RAMSTEIN AIR BASE, Germany -- The command surgeon of the U.S. Air Forces in Europe and Air Forces Africa and Landstuhl Regional Medical Center recently hosted a medical knowledge exchange with NATO Allies Denmark and Bulgaria as well as U.S. partner nation Serbia at Ramstein Air Base and Landstuhl.
Leveraging local medical expertise, this event featured in-depth familiarization with the aeromedical evacuation activities at Ramstein and the medical simulation laboratory at Landstuhl. The event gave participants an opportunity to exchange information and share experiences to further integrate them with each nation’s unique mission sets, while forming aero-medical best practices.
"This is a great chance for key medical personnel in Serbia, Bulgaria and Denmark to make lasting connections with each other and with U.S. personnel to develop sustainable relationships that serve as a starting point to share best methods for many years to come," said U.S. Air Force Lt. Col. Joel Foster, USAFE-AFAFRICA Office of the Command Surgeon’s global health engagements branch chief. "In this way, each country benefits from advancements in technology, processes and procedures for patient care and movement across the battlespace."
"This workshop is more than just a meeting of minds," said U.S. Air Force Maj. Lyubormir Angelov, USAFE-AFAFRICA Office of the Command Surgeon international health specialist. "It's a testament to the unwavering commitment to advancing military medicine and solidifying an alliance that transcends borders. We are proud to have NATO and partners here to make us stronger together."
The military medical professionals from the four nations participated in multiple scenarios to discuss how each nation achieves intended results and ways to combine them into best practices.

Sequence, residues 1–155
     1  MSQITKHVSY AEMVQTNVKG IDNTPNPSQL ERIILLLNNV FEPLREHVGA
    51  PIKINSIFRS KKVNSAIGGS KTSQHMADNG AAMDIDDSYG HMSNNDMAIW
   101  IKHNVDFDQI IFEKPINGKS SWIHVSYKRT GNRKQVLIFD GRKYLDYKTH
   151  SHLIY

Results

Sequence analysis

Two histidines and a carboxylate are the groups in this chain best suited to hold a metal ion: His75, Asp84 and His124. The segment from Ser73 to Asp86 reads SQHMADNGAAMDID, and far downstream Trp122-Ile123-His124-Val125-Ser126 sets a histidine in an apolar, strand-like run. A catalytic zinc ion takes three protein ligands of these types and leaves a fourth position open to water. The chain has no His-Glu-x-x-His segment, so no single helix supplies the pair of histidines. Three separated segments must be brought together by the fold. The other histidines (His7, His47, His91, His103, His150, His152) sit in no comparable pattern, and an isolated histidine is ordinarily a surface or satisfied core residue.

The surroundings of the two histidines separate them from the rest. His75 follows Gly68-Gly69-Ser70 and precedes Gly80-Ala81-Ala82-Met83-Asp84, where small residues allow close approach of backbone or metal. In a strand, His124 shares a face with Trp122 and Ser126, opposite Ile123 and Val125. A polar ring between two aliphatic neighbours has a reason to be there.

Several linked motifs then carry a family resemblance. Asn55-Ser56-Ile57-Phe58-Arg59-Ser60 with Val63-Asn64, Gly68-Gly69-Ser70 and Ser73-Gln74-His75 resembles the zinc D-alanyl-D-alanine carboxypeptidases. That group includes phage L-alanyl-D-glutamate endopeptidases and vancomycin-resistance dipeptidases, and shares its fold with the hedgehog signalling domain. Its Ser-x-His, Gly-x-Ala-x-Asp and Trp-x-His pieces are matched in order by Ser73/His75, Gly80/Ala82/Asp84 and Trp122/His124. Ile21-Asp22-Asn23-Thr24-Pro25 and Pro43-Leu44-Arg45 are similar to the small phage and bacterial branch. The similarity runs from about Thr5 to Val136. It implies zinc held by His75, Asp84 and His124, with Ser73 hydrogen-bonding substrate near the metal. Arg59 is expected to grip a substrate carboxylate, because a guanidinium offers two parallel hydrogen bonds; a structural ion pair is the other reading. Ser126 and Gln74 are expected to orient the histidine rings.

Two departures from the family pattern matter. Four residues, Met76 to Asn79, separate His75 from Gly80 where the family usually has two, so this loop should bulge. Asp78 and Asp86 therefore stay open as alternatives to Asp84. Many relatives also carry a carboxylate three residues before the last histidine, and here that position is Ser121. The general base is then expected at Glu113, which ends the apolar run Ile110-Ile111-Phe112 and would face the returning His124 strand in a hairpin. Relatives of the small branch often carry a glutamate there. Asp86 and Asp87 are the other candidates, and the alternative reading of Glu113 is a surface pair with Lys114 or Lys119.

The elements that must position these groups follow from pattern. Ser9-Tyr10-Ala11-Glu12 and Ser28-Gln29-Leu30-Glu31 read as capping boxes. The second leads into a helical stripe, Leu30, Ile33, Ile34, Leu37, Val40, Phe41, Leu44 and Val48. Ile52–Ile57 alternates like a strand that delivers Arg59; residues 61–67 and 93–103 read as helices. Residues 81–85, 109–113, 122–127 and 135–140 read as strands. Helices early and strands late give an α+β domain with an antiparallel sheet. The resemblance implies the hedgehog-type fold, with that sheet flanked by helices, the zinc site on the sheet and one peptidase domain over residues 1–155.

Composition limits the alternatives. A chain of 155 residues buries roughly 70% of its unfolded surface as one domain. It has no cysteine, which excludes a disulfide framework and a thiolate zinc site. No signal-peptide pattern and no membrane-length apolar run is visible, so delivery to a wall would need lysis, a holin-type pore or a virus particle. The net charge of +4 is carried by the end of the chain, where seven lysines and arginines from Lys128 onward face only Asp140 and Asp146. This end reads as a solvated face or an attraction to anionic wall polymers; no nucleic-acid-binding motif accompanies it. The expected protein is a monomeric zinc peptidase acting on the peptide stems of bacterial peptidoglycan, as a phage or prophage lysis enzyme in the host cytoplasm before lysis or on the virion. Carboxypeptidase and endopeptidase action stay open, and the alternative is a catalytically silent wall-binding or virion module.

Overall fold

Attendees also visited a number of locations, including the Landstuhl Regional Medical Center and its simulation center, Ramstein’s En-Route Patient Staging Flight, Theater Patient Movement Requirement Center, 86th Aeromedical Evacuation Squadron, 86th Medical Group Simulation (MDG) Center and its Flight Medicine operations.
"The aim of this assembly is significant, offering an unmatched opportunity for partnership nation members to collaborate with U.S. subject matter experts," Angelov said. "Collectively, we explored the intricacies of aerospace medicine, aeromedical evacuation, patient movement and enhanced our simulation centers, creating a fertile ground for events like these."
"The event is designed to showcase the latest aeromedical evacuation procedures and equipment on a U.S. airbase to our partner nations," said U.S. Air Force Maj. Nicola Morrison, USAFE-AFAFRICA Office of the Command Surgeon’s Europe global health engagement team chief.
Each of the participants from the four nations walked away from this knowledge exchange with uniquely different takeaways. For Angelov, it was about how medics come together to learn from each other and strengthen ties and partnerships.
"This is important for us to compare and contrast how we do business in our aerospace medical program," said Bulgarian Air Force 2nd Lt. Boryana Ralcheva, medical simulation training center instructor. "We want to see what works here and see if we can apply it to our program. We do not want to invent something new if it is already in service. This is a great opportunity for us, and I look forward to the next knowledge exchange."
According to the Bulgarian surgeon general, Maj. Gen. Ventsislav Mutafchiyski, M.D., this event holds a significant importance for Bulgaria as it provides an exceptional opportunity for Partnership Network members to observe and learn from U.S. SMEs and programs. He added, “the impact of this event on Bulgaria's progress is profound, positively influencing all four milestones: Aerospace Medicine, Simulation Center enhancement, Role 1 and Role 2 development and Force Health Protection."
Army, Navy, Air Force and Marine Corps global health engagement professionals work for months on these events, synchronizing details with dozens of planners, liaisons and subject-matter experts to improve medical capabilities among partner nations throughout USEUCOM’s theater.
"The participation of multiple Allies and partners sharing knowledge on several medical capabilities in one event is a very efficient use of limited resources, while enhancing interoperability,” said U.S. Air Force Col. James Chambers, U.S. European Command’s surgeon. “This engagement also reinforces key relationships between U.S., Bulgarian, Danish and Serbian professionals, enhancing understanding and trust as we improve critical wartime capabilities."